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MrObscura

MrObscura's Nuvo 10 Getting Dirty

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Are you sure it is cyano and not dino ?

 

Got pics?

 

I feel ya...I bought a bunch of crap on Black Friday since tank was running well and then it went to shit a month or so later.

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It's very thin, not snotty at all, and red. I'll try to get a Pic. 

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And it's back within minutes of blowing it off. Chemiclean did reduce it, will a 2nd dose hurt? I just don't know what's causing it. I've gone back to my old schedule, before I had issues, feeding fish once a day, and corals once a week before water change. And all parameters are the same as they were. So, I'm at a loss. 

 

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Some forms of dino are stringy. A 10 dollar toy scope would give you an ID. The fact that it seems to be smothering the corals makes me suspicious there is at least some dino in there but can't be certain.

 

What is your nitrate and po4? Do you use any phosphate removers?

 

I have never used chemiclean. 

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I run chemipure blue. Before this started my po4 read 0 or 0.03 on the test(can't see a difference) and no3 was between 5-10.

 

I started feeding benereef which is advertised as having probiotics that will reduce nutrients and I did see no3 drop to 0. So my guess is feeding it either raised nutrients too high allowing this stuff to take hold, therefore showing a false reading of 0, or it really did bottom out no3 causing an imbalance. 

 

I originally added a skimmer thinking nutrients were high, but things didn't change. But now with running chemi blue and the skimmer after stopping the benereef no3 has gone back up to around 10. Yet the issues persist. Even corals that aren't physically being effected by the stuff are not happy at all.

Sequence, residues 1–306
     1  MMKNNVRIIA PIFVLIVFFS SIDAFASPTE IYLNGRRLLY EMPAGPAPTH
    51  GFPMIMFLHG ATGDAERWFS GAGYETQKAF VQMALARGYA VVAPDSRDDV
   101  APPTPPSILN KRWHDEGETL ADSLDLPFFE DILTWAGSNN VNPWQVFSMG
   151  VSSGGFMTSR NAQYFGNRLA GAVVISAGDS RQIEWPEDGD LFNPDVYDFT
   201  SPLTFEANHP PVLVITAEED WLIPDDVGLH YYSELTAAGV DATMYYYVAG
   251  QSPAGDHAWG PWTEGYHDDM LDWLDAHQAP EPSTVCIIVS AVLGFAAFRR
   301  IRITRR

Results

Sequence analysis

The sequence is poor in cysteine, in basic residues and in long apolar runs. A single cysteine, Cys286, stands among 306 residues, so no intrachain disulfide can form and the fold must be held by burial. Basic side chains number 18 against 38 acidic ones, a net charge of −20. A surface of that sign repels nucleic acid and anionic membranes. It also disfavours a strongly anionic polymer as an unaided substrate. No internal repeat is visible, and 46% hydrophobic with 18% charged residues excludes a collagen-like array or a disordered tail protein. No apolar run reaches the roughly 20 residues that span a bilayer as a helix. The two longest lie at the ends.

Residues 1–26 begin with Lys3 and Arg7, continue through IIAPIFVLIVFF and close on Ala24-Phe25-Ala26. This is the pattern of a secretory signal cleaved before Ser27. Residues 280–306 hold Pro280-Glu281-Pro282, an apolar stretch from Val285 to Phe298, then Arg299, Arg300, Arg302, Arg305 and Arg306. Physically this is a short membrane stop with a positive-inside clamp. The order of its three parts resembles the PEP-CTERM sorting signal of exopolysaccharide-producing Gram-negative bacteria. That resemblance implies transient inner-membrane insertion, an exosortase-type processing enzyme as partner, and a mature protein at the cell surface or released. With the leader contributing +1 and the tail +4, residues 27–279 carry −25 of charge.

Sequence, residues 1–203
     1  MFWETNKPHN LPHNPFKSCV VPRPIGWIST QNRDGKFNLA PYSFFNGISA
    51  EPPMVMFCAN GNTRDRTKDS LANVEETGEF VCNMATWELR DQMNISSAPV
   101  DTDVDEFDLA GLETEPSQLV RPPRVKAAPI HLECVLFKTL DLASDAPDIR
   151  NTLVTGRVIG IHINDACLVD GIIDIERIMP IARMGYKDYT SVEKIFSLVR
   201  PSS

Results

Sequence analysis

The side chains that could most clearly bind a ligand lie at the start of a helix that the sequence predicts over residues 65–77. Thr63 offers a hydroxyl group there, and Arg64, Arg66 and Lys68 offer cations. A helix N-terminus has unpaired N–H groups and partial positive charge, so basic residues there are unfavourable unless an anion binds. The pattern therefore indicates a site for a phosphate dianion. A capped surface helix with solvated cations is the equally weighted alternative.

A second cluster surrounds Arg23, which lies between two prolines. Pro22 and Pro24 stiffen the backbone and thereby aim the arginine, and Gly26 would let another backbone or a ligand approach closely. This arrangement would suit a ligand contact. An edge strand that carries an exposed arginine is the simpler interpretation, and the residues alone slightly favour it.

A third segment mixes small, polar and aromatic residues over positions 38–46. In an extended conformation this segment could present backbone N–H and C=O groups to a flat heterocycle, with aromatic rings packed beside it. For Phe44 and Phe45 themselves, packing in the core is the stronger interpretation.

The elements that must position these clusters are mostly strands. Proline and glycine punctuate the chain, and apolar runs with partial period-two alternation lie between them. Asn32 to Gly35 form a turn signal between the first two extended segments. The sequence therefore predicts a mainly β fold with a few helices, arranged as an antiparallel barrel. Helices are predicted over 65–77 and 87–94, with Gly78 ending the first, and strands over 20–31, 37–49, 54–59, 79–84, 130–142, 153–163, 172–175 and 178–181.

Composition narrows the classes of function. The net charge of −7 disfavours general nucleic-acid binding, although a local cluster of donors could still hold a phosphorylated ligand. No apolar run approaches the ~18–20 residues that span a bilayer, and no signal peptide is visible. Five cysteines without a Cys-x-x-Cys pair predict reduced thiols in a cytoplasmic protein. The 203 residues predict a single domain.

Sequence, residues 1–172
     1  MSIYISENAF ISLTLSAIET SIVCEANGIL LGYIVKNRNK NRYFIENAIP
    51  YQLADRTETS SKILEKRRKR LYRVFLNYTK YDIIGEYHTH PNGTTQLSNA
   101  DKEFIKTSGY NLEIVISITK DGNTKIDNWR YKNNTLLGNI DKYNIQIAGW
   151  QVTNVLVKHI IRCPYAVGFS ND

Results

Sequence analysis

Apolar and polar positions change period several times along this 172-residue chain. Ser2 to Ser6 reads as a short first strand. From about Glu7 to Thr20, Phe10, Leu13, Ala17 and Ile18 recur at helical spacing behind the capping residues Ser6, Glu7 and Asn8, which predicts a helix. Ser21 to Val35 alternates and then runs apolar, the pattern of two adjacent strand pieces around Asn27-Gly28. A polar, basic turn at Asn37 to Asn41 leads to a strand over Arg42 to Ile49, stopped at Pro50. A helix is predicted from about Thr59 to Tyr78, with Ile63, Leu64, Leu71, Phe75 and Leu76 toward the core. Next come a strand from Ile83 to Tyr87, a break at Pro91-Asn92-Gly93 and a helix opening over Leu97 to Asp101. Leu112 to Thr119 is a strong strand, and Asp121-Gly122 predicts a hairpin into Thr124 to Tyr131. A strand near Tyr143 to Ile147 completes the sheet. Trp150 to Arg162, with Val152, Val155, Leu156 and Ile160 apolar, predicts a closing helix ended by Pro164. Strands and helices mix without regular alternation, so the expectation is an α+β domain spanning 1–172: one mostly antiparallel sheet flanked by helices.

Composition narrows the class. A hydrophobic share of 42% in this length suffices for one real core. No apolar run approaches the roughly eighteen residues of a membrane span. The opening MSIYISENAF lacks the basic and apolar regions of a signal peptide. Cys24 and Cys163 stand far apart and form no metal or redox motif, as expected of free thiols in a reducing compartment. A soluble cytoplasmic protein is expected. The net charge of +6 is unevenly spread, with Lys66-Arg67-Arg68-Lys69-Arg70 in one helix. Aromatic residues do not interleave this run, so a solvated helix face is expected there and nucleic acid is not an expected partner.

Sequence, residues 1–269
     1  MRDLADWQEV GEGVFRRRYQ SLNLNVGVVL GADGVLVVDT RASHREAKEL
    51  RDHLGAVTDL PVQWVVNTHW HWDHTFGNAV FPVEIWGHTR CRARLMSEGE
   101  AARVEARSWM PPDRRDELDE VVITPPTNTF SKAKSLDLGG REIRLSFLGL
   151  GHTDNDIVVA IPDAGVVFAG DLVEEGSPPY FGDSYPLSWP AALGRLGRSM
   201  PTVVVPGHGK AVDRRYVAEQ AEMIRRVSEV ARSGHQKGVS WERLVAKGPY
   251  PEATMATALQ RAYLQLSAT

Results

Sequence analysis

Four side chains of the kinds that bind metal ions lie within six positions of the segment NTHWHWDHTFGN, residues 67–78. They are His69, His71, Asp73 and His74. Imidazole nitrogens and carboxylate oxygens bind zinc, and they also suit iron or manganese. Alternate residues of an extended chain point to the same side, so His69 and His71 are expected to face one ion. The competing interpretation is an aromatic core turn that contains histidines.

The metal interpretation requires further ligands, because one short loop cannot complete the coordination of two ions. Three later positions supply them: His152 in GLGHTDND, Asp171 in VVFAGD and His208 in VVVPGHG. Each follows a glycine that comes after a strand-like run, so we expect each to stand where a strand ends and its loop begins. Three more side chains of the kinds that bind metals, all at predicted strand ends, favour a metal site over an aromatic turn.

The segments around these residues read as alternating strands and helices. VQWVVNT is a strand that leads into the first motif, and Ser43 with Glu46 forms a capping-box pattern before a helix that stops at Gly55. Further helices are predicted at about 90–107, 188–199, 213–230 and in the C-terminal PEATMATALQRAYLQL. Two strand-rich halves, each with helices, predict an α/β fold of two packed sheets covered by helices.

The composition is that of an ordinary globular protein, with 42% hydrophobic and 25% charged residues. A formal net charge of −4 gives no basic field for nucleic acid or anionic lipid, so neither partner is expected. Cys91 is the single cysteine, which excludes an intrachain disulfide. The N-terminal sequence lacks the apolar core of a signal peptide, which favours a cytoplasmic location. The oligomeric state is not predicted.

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I had some red stringy cyano that chemiclean wouldnt touch. Used API erythromycin to knock it out. I followed the instructions on the box, but used a quarter packet...maybe half...for each ‘dose’. One dose would probably do it, though.

 

I had some pop up recently, just a few small spots on rocks. Theyve been there for about two months and didnt spread, so didn’t worry about them. I noticed today both spots are totally gone. Only recent changes was a water change with reef crystals  (was using fritz) and put in a bag of carbon. Don’t know if either had anything to do with it, I wasn’t actively trying to clear it. 

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It's definitely less after the chemiclean, so I'm hoping it just needs a few days to disappear completely. We'll see. 

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Most likely it was just coincidence, but I thought I would mention I switched from Chemipure Elite and Purigen to Chemipure Blue in the past around the same time I tried to use Benepets by Benereef and I had some tank issues and losses at the time... switched my filter media back and stopped using the Benepets for a while. Now I occasionally use the Benepets and haven’t noticed any further problems. 

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Ok, it's going on a week since the chemiclean and the stuff is back to about the same level as it was. And with going back to my old routine no3 has raised from o to a steady 10 or so, while po4 is remaining at 0. Something must have been consuming no3 and now it's leaching because with my feeding schedule and WC routine I don't see how it's at 10 steady regardless of when I test, whether right after a wc or right before. This, plus some comments by others, as well as more research leads me believe that what's left might be dinos. 

 

I'm going to have to test to find out for sure, but a few steps I'm going to take regardless at this point is remove all red and green lighting(since it seems at its worse during the full spectrum period), and remove the rest of the sand. And if it is in fact dinos I'll remove the chemi blue to see if I get a raise in po4. Which I might try anyway. Might also switch to carbon only after that depending on results. 

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Do they dissapear at night or become less? Honestly looks like dino to me. Probably was a mix of things to start with.